Sunday, 20 September 2009

Any cuts to public services must be made on grounds of principle alone.

At long last the cat is out of the bag, in his speech to the TUC conference on Tuesday Gordon Brown finally used the ‘C’ word, he said that if re-elected a Labour government would: ‘Cut costs, cut inefficiencies, cut unnecessary programmes and cut lower priority budgets.’

All well and good, but the real issue is the size of the cuts that would have to be made by any government after the next election, treasury documents leaked to the press this week suggest a cut of 9.3% over the four years from 2010. The only alternative to this, as suggested by the Institute for Fiscal Studies this week is a huge hike in taxes at the very moment when the economy is starting to take its first faltering steps towards recovery.

An IFS source told the BBC this week that the recession and the banking crisis could put ‘the tightest squeeze on spending on public services since the UK was negotiating its spending plans with the International Monetary Fund in the 1970’s.’

Predictably the Conservatives sought to make political capital out of the government’s embarrassment with shadow chancellor George Osborne saying that Gordon Brown had ‘misled’ parliament over spending cuts and David Cameron accusing him of being the prime mover in a long term ‘cover up’ of the extent by which the public purse strings will have to be tightened.

The Liberal Democrats, in the shape of their economic affairs guru Vince Cable, took a more high minded line criticizing the Tories for trying to make ‘a big political issue’ out of spending cuts that, he said, most people had known were imminent for months.

As sunny Jim Callaghan put it back in the seventies ‘the party’s over’, now we have to face the mess it created in the cold light of a hung over morning and it is not a pretty sight.

Over their twelve years in office Labour have splashed the cash in relation to public services often with the very best of intentions, but little idea of how to bring about the much needed reform of the public sector, matters weren’t helped, of course, by their inability to negotiate with the unions representing public sector workers.

Now the battered and bewildered government led by Gordon Brown must spend its last few months in office contemplating a question that will define political life in the UK for the next decade, what is to be cut and why?

It is, to say the very least, something of a curve ball thrown at a political class that long ago abandoned tricky subjects such as defining what it means to belong to the left or the right for media friendly sound bytes and a cosy seat on the fence.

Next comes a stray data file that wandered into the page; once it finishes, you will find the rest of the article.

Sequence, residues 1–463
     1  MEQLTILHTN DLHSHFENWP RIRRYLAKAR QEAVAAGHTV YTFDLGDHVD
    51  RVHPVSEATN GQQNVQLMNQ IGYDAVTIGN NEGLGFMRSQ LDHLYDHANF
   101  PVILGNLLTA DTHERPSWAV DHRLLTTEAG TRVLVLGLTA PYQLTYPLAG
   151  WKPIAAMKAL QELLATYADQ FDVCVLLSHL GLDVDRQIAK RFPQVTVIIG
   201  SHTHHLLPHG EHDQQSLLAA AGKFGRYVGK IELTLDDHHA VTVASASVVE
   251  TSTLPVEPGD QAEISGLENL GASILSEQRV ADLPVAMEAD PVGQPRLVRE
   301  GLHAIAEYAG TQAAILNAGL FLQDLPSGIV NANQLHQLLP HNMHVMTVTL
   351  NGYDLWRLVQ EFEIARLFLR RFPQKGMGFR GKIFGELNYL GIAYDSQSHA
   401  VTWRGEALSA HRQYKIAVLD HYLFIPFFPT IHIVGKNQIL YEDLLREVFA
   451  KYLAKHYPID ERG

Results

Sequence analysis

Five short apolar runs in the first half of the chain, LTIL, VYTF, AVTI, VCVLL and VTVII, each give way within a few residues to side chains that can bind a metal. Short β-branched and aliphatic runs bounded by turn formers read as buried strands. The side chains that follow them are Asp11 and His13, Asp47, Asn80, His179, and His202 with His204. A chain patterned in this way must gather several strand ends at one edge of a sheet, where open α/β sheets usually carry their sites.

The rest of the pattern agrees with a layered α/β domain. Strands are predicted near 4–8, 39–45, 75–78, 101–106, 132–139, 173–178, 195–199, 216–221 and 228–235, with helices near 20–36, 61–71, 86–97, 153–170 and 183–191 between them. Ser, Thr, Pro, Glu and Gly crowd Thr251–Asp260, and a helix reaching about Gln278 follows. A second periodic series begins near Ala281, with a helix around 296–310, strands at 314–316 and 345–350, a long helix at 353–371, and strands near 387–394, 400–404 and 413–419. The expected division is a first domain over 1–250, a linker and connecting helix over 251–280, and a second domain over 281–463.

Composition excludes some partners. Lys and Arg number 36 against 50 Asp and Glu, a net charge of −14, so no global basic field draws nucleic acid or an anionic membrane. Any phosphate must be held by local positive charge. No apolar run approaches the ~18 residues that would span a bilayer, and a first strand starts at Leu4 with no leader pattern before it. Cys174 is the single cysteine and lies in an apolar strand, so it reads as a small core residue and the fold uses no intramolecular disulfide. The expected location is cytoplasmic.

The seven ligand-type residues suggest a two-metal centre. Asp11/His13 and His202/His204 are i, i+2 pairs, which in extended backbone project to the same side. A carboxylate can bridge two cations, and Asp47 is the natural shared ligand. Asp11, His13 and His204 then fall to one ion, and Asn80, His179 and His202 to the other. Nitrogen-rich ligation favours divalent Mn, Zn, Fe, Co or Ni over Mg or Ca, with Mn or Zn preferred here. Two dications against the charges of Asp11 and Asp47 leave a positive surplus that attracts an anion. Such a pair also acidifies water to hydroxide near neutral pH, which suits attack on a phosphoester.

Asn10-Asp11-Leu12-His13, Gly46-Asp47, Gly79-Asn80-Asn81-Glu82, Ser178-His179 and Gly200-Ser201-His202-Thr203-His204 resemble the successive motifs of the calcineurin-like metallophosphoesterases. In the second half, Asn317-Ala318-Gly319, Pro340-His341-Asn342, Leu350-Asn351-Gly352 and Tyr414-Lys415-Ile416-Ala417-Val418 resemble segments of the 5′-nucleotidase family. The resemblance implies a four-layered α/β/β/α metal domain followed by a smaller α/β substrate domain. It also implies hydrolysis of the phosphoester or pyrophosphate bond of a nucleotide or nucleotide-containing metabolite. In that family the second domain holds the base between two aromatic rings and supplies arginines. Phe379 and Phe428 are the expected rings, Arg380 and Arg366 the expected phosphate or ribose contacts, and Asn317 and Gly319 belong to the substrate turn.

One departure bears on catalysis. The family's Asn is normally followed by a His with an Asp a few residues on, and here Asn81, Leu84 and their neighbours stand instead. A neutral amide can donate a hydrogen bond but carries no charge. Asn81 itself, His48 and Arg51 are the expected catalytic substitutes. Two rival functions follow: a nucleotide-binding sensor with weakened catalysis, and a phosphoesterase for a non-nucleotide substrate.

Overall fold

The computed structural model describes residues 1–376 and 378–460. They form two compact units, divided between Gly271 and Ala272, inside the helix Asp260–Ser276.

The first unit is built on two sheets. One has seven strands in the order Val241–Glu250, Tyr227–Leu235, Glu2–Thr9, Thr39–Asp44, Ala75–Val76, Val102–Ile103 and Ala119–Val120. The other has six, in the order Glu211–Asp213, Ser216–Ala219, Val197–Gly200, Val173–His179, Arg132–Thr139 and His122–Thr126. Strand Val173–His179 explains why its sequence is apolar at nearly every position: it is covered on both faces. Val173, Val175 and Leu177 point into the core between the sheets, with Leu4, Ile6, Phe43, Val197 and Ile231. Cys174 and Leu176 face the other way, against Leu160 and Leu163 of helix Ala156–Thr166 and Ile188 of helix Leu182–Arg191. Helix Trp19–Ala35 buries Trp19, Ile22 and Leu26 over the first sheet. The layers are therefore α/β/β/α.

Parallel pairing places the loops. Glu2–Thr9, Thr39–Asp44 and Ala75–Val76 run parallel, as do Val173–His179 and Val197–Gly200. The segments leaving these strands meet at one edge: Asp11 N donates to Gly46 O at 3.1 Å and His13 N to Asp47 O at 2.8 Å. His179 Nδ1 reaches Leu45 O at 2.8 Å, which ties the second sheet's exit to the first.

The method favoured by Mrs Thatcher in the eighties of standing back and letting the markets fix the problem, or not fix it if that suited their mood has been proved a failure. Whole cities have been turned into little more than reservations for the disengaged with a disastrous knock on effect in terms of health problems and spiralling welfare costs, social problems that have become engrained over a generation will take the same length of time to cure and cost billions.

Cuts are an inevitable part of reducing a budget deficit that has been allowed, again for the very best intentioned reasons, to reach levels never before seen in peacetime by a government that is fast running out of time and energy. Whoever wins that next election must make them though from a standpoint of first having decided what services it wishes to preserve and how much pain we will all have to endure in order for it to do so.

Soaring levels of debt, deep social problems and a growing suspicion on the part of the electorate that the political class simply isn’t up to the job of governing the country are returning Britain to the status of the ‘sick man of Europe’ it held in the seventies. The cure will be painful in the extreme, but to work in must take the form of laser surgery not the brutal and often counterproductive butchery practiced by an eighteenth century barber surgeon who knows how to cut well enough, but must rely on trial, and often fatal, error in order to work out where to do so.

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